It’s been more than a decade and I can hear the former headline writers in my old newsroom groan as I type four words: Key words; big type.
That was shorthand for get the four or five most important words in the biggest type on the page. Hence, “Key West bans cruise ships,” and not “City OKs action on ships.” These days, what with Google searches, you’d better have your key words tightly integrated in the back end of your software or no one’s going to find your spiffy stuff or whatever it is you do with your website.
If you’re doing business in the Florida Keys, there’s only one key word set: Key West. If you’re a writer, an artist, a musician, a not-for-profit and you have even the remotest connection to the island chain, there’s only one key word set: Key West. If “Key West” isn’t in your name, if it’s not part of your website’s URL, if you choose cute over key word — say Bone Island — you’ve lost search power.
Several local companies and organizations have opted to use the initials KW for their websites , even when the KeyWest(xxxxx) version is available. Why in the world would they giveaway the power of that Key West brand by using initials? Yeah, I know; someone told them to keep the URL short, but in these cases, using Key West instead of KW would have added all of five keystrokes, hardly an onerous typing exercise.
How do these authors create their Key West brand?
The Key West brand is more than the website address. Having the words “Key West” tied to whatever you’re doing instantly connects with a huge potential audience. Just ask best-selling authors Tom Corcoran, Lucy Burdette and Carl Hiaasen.
For decades these storytellers have used their Key West roots to weave tall tales based in Key West. For Corcoran and Burdette, Key West itself is a fully developed character. We read them in great measure because we love that delightful rush when we recognize a place or person. What’s fascinating for me is Corcoran’s ability to marry the Key West Mystique with the island’s frustrated ambivalence with and reluctant acceptance of half a century of change, not always for the better.
I’m in the middle of a another binge-read of Corcoran’s Alex Rutledge series; I binged Burdette during early Covid (and cooked up some of her recipes); Hiaasen’s books were sandwiched in between. (An aside: I do have one quibble about the authors’ plot lines: We don’t have nearly the murders and mayhem. I mean, really, if there were that many dead, decapitated folks lying around, I think we’d know. Right? Right? Someone tell me I’m right.)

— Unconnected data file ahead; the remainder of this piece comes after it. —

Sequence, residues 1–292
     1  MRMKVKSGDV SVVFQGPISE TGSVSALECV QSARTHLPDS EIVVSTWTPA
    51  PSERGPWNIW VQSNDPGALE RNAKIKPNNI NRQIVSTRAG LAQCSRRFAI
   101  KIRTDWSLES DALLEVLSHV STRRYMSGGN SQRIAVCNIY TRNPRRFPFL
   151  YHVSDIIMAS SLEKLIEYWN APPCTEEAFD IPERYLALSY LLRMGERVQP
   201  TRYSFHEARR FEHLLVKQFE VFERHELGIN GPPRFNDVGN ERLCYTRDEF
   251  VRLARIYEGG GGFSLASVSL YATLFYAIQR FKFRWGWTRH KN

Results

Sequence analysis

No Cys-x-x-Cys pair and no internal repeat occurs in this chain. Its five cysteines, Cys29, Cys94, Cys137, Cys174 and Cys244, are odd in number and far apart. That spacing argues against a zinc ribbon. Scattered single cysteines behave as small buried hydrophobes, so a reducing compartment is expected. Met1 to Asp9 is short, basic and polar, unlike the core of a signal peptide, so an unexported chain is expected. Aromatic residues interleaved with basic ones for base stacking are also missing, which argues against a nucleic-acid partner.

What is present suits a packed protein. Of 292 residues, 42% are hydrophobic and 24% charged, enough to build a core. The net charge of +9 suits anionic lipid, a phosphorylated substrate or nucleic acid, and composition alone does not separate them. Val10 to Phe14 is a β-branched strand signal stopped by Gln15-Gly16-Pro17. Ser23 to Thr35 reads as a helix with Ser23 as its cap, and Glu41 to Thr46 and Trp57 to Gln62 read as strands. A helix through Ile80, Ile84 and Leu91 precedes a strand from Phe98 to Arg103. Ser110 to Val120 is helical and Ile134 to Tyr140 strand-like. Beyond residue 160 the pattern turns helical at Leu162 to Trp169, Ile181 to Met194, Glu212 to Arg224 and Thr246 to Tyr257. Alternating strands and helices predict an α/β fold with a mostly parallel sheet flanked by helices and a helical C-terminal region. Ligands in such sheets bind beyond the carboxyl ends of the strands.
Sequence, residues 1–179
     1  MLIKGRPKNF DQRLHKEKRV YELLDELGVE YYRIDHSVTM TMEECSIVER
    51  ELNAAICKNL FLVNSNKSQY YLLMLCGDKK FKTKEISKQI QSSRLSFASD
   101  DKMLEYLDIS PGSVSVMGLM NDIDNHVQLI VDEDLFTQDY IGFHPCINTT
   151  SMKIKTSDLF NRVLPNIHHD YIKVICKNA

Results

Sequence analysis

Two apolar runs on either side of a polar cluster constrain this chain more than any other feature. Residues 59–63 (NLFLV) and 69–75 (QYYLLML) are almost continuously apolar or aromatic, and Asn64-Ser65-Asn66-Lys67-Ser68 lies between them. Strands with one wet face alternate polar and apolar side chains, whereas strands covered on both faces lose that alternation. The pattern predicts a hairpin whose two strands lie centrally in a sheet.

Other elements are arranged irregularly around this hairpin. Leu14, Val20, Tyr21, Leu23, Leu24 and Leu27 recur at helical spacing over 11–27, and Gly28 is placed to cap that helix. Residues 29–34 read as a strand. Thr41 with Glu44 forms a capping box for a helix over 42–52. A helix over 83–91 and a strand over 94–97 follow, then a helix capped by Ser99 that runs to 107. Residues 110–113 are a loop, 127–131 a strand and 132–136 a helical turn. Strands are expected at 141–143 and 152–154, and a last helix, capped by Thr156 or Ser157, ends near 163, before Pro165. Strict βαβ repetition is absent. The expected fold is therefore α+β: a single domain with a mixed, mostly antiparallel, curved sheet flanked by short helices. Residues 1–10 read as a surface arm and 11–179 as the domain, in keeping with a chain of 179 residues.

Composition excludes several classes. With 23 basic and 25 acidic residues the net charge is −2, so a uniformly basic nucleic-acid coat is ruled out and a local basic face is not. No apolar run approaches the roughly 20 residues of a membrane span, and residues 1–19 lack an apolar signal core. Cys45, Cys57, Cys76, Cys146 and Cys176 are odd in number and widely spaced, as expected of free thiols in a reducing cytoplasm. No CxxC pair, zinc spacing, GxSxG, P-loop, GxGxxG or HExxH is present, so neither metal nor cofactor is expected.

The Florida Keys brand is David to the Goliath of the Key West brand. Doubt that? Just remember what happened during Hurricane Irma, when the mainland media, including some in Florida, simply could not figure out where Key West was in relation to Cudjoe and Big Pine, much less Islamorada, Marathon and Key Largo. About the only people who don’t routinely conflate the Keys with Key West are Key West residents.
Few understand the power of the Key West brand better than Monroe County’s Tourism Development Council. Virtually every marketing piece has the words Key West in big type somewhere — even when the TDC is promoting the middle and upper Keys.
That doesn’t always sit well with “up the Keys,” but the TDC knows, even if it soft pedals it, that without those two words — Key West — they’re not going to reach their audience. That’s why their own branding is “The Florida Keys & Key West, come as you are.” It’s a shame they can’t use “floridakeysandkeywest” as their URL. Someone else owns it, though they’re not using it for a website.
That Key West brand — the Key West Mystique — flows from centuries of being “not Florida.” A trip this week to the mainland with Ranger Ed made the point as we drove over the causeway onto Marco Island. Egads and the Wee Donkey. What a breath-taking caricature of all that Key West could have become.
I believe there really is such a thing as the Key West state of mind, the Key West brand. I believe that whether you were born here or first met Key West in 1970 or just a few weeks ago, those who love the island will never stray far. Preserving and enhancing that Key West mystique sustains our island home forever.